The FCC is proposing lengthening license terms in the CBRS (3.5 GHz) band, "modestly" increasing the size of those geographic licenses—the plan is to auction the licenses sometime next year—and allowing them to be renewed.
That is according to Republican FCC commissioner Michael O'Rielly, who was delegated the oversight of the item, which the FCC plans to vote on Oct. 23.
That modest increase would be to county-sized licenses, rather than partial economic areas (PEAs). Cable operators, who are actively investing in research and standards-development in the band, had pushed for those county-sized geographic licenses as a middle ground, literally, between partial economic areas (PEAs) and the smaller census tracts.
"I am proposing to modify our rules to permit county-size licenses with the possibility for combinatorial bidding in the largest markets, which I believe is a well-balanced approach addressing all legitimate concerns," O'Rielly blogged of the item. "No one is likely to be entirely pleased with this outcome, but it achieves a sound and just result."
The FCC voted last October on a framework for freeing up new spectrum —it would be shared with incumbent government users—for wireless broadband that could encourage cable and telco broadband players to use, and bid on, that spectrum in the race to 5G.
Cable broadband providers are looking to the band for more WiFi spectrum, as well as looking to add mobile wireless service to their bundles via MVNO (mobile virtual network operator) agreements, under which they lease capacity from AT&T or Verizon.
O'Rielly said that while he supported the work of small wireless ISPs, the census tract license size they wanted were not feasible, while he pointed out that cable ops signaled county sizes were workable.
O'Rielly may have supported their work, but he saw reasons not to support their census-tract push.
"First, the FCC has never auctioned that many licenses in its history and actually doesn’t have the capability to do so today," he said. "Second, the push for census tracts was not rooted in the desire to serve rural communities, as some would like the public to believe. Instead, it was mostly based in a desire to only serve small slices of large cities, such as industrial parks or ports, or suburban markets. Worse yet, some small providers just wanted to obtain licenses with the hopes of forcing bigger providers to purchase them on the secondary market at inflated prices. Third...WISPs have indicated privately that county license sizes can work for them."
O'Rielly was right that not everyone would be pleased.
While the Wireless Internet Service Providers Association (WISPA) was happy the FCC did not go with larger PEAs, it said "the combination of county-sized licenses—especially where they are subject to package bidding—plus long license terms and renewability will shut out a significant number of our members from using licensed CBRS spectrum to deliver affordable, reliable broadband services to under-served rural areas."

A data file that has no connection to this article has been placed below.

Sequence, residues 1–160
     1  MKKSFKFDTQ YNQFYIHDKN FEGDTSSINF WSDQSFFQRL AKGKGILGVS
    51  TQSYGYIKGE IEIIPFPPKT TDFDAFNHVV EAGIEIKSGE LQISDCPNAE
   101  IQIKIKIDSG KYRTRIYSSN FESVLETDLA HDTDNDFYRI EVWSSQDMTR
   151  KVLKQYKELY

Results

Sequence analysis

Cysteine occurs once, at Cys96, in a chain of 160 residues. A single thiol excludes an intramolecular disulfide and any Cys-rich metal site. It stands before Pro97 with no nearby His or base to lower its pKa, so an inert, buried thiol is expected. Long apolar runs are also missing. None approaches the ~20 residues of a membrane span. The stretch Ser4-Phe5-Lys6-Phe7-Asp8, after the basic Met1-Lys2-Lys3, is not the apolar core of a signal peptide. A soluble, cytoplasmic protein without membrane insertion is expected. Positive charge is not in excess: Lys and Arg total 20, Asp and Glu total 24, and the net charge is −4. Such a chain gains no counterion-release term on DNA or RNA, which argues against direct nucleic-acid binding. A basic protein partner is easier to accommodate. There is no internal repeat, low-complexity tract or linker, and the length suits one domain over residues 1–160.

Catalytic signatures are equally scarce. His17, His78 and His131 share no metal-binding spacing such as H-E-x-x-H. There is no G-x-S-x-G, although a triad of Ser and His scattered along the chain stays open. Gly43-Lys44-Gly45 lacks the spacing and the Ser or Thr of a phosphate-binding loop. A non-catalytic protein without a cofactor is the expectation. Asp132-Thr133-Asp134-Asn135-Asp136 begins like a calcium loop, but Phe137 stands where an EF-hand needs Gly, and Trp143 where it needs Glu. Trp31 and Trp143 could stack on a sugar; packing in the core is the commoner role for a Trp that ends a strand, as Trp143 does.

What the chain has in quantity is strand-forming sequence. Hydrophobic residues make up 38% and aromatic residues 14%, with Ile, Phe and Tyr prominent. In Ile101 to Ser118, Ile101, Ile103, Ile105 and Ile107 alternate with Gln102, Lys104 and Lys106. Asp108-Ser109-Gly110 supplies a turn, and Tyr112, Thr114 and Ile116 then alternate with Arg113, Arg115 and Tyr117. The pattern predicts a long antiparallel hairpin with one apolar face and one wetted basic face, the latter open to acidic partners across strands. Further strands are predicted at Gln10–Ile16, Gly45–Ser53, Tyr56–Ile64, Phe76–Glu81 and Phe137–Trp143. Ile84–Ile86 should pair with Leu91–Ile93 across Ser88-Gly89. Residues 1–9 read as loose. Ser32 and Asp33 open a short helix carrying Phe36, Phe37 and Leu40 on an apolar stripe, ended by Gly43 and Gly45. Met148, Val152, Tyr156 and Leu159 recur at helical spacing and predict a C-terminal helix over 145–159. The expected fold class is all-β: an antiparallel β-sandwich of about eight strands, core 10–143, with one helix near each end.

"Throughout this proceeding, WISPA and our allies from a wide range of critically important industries have argued against county-sized licenses. U.S. counties vary greatly in size and character. Hundreds of counties cover thousands of square miles; and many contain both densely populated urban areas and less populated suburban and rural areas. Outlying areas in such counties are generally ignored by the larger carriers today (unless subsidies are attached), and such areas will remain ignored under this new proposal."
The group said there was still time to "amend" the proposal before the vote, and that it would not stop fighting to do just that.
"Verizon commends Commissioner O’Rielly for his leadership in crafting a proposal that will significantly improve the Commission’s approach to the 3.5 GHz band," said Verizon VP, regulatory affairs, Will Johnson. "The proposed adjustments to the Priority Access License (PAL) licensing regime will ensure this valuable mid-band spectrum provides the most benefit for consumers and 5G. These targeted changes strike the right balance between fostering innovation and encouraging sustainable investment in the band. This spectrum will play a critical role in delivering 5G services to American consumers."
“Commissioner O’Rielly is right that freeing up mid-band spectrum is critical to winning the global race to 5G," said CTIA President Meredith Attwell Baker. "Other countries have already moved to license 3.5GHz spectrum with investment-friendly policies and it’s imperative that the United States keep pace. We urge the FCC to support these common sense proposals which will promote investment and help spur future innovation across our economy.”
“We are pleased the FCC is moving forward on unlocking the full potential of this vitally important spectrum. Commissioner O’Rielly’s leadership on this issue has proven instrumental in reaching a path forward on outstanding issues," said AT&T. "We look forward to this item being voted so consumers can realize the benefits of new and innovative services in this band as quickly as possible.”
“The draft Order proposes to transform CBRS from a Citizens’ band into a traditional cellular band," said Michael Calabrese, director of the Wireless Future Project of New America's Open Technology Institute. "As feared by consumer advocates, rural ISPs and virtually every industry stakeholder other than the big mobile carriers, the loss of small and affordable licenses will stifle innovation and competition in the 5G ecosystem. The robust 5G ecosystem the nation needs would have been advanced by small-area licenses with competitive renewal. Instead the Chairman is shutting out rural providers and every other enterprise with localized needs for interference-protected spectrum. Consumers and U.S. productivity will pay the price.”
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